Using a “film-on-film” approach to bale wrapping could see farmers getting up to an extra 15 litres of milk from each bale of silage.

The yield boost is mainly due to the increased amount of feed through reduced wastage, says independent silage consultant Dave Davies.

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The system developed by Silotite and making its debut at Grassland & Muck 2014, involves bales being wrapped with Baletite film instead of netting and then this is covered by the silage wrap.

It offers an extra barrier and it also squeezes more air out of the bale as unlike netting, it does not relax when ejected out of the baler, explained Mr Davies. “Netting can stretch by 1-1.5cm, drawing air in.

“It all comes down to oxygen. The quicker you get an oxygen-free environment and maintain this, the better the fermentation and less mould you get.”

See all the news from Grassland & Muck 2014

The extra layer around the barrel of the bale also gives more protection. “The film sits against the wrap and even if you get damage to the wrap, air does not go in.”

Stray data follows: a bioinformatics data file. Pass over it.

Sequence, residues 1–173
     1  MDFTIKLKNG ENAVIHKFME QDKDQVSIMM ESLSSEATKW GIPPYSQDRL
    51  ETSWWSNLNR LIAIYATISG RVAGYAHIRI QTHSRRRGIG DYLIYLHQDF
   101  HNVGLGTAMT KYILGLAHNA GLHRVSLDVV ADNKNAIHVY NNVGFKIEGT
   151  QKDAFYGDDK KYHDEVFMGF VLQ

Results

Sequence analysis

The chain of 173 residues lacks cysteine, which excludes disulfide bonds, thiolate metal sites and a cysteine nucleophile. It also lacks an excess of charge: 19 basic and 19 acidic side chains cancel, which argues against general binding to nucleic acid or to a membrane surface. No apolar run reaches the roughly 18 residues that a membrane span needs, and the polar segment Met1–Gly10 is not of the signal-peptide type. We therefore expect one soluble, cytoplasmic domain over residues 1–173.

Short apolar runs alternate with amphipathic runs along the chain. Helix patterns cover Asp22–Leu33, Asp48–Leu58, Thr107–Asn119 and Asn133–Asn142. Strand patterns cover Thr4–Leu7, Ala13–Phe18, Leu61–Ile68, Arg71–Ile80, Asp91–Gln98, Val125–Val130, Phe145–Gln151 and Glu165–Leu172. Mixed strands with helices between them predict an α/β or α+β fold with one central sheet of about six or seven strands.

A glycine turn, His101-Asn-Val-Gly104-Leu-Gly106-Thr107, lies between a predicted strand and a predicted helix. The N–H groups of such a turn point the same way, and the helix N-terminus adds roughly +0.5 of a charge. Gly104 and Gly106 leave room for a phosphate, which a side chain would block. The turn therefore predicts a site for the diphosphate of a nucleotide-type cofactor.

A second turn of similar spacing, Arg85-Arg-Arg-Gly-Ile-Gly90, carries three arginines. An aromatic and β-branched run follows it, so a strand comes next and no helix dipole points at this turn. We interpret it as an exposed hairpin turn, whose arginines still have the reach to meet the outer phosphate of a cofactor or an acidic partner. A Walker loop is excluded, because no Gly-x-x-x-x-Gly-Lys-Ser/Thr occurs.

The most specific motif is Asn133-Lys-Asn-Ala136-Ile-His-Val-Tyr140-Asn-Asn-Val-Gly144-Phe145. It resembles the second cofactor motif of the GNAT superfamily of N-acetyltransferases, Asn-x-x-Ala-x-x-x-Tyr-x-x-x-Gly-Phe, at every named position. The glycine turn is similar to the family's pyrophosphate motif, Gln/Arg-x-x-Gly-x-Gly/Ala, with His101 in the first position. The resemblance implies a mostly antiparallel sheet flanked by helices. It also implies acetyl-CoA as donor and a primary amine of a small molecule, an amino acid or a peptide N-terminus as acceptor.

On-farm trials looked at the resulting silage quality, bale losses and spoilage. Key benefits were less water loss and higher sugar and protein contents of bales compared with standard net-wrapped bales. “The higher sugar and lower ammonia levels point to a better preservation of sugars and protein,” he said.

There was also much less wastage because of mould with losses of 5.45kg for film on film, compared with 23.92kg for net-wrapped bales.

Mr Davies calculated that this extra silage combined with being more nutritious equated to 15 extra litres of milk.